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Old 11th June 2011, 08:59 PM   #17
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Quote:
Originally Posted by Nounours18200 View Post
Hi friends,

Sorry for my late reply, but I had to stay at the hospital for a serious surgery and I just feel good enough to post again...



My current P.S. (version 1) uses 2x22.000F, so I keep in mind to use 10.000F max for the next version... (thanks for the advise)



what does this mean ? does it refer to a dedicated post ?


I see, I will.

Let's back to the diagram suggested :

Click the image to open in full size.
I understand what you explain but I do not have enough knowledge to properly calculate the resistors value nor the transformer output voltage (provided that the resistors will generate a voltage loss).

Is there a "common" value or a way to calculate them ? : I would avoid to buy parts (particularly the transformer...) and see that the value are not OK... In addition, it seems that you are not totally sure that adding the CRC circuitry would improve the sound ?

Thanks,
N.
Hi N, I wish you good recovery from the surgery.
The trick is I am using only CRC filtering in my power supply; no voltage regulators or shunt regulators. Many forum members will think I am crazy but my ears don't lie.....
As already explained you can calculate the voltage drop across the resistor by Ohm' s law, knowing the current consumption of your circuit.
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Old 12th June 2011, 04:06 PM   #18
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Quote:
Welcome back!
Quote:
Hi N, I wish you good recovery from the surgery.
Thanks and thanks ! I recover slowly but (very) surely !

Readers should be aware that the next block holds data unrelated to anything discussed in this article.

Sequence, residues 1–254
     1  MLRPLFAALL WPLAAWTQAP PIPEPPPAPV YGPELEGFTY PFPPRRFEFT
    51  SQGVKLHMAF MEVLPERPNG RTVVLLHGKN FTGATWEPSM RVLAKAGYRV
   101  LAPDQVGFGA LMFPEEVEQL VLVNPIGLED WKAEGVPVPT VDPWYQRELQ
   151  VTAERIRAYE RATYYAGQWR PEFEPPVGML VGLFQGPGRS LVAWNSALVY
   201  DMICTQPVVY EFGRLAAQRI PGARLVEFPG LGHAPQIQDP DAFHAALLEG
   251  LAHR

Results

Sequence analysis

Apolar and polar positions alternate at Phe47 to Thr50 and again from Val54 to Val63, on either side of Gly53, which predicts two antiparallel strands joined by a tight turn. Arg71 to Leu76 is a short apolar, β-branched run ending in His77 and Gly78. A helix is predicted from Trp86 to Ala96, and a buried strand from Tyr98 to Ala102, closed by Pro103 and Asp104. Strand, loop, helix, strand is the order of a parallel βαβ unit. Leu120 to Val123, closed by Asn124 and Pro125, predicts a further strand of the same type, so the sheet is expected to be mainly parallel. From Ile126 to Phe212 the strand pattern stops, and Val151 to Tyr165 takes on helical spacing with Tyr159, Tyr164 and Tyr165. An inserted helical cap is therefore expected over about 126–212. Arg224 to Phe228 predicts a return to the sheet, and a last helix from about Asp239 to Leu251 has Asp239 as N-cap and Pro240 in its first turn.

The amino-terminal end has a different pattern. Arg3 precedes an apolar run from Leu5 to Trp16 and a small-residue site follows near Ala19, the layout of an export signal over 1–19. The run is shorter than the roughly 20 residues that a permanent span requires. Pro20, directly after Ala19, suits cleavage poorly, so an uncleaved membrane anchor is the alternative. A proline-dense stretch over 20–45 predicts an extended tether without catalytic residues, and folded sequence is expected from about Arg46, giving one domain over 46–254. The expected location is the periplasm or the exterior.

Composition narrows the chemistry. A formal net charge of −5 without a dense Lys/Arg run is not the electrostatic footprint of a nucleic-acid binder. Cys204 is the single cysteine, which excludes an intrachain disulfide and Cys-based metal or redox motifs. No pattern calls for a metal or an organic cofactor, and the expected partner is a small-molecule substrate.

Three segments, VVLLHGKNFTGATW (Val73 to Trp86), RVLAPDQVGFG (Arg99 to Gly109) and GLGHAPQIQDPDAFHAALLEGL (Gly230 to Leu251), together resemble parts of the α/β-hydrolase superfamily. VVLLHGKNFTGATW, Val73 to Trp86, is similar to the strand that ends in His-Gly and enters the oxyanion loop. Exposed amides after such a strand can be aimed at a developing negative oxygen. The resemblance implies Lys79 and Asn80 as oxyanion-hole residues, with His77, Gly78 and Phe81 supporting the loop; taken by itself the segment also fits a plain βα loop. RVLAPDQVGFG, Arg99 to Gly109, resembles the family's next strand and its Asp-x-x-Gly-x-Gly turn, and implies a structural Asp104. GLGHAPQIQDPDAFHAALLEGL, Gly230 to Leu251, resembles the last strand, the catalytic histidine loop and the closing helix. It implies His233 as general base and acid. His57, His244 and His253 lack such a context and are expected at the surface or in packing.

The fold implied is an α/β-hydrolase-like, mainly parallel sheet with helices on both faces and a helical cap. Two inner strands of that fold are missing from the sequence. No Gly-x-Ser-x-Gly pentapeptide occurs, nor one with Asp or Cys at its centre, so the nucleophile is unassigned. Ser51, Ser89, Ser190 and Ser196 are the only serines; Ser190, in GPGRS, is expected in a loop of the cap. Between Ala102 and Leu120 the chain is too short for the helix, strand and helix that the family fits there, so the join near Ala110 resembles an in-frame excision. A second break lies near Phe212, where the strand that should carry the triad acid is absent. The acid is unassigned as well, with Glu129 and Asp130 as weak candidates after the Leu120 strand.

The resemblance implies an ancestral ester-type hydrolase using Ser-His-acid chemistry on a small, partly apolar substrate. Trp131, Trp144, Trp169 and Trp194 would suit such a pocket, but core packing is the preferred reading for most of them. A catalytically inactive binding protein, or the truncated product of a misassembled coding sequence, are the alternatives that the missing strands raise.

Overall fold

Quote:
do you know the actual current draw of your preamp, if you do (or can measure it) then just plug in to ohms law as given by DF96 to get the voltage drop across your chosen resistor value.
Actually I don't -it is a Threshold Fet-10HE preamp- but I could measure it (being cautious because I have so much upgraded it that it is as good as "formula one" preamp and a precious device for me...).

I will spend more time on this subject in a few weeks, because for the time being I have a Conrad-Johnson Premier Ten preamp to upgrade (I do not like tubes, and it is far from my preamp, but I will try to improve it...) and more important, I am learning how to pair Mosfets, using the Nelson article "Practical Mosfet testing for Audio"...
So you will probably soon see another post from me looking for some advises on this approach...

Thanks friends (I will go back to this Power Supply optimization),

N
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Old 15th June 2011, 09:26 AM   #19
hesener is offline hesener  Germany
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Quote:
With respect to the 2nd diagram, By paralleling multiple smaller caps the ESR will be reduced, but at the same the inductance will be increased.

wintermute, I think the inductance should be reduced as well (at least the parasitic inductance of the caps), there may be additional inductance due to the wiring and PCB though.

paralleling caps is a good "trick" to do better wtih so-so caps, but you get to a point of diminishing return with really good caps, because of the stray resistance and inductance of the wiring...

just my two cents
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Old 15th June 2011, 09:28 AM   #20
hesener is offline hesener  Germany
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sorry wintermute for repeating this, I really should have read the thread to the end....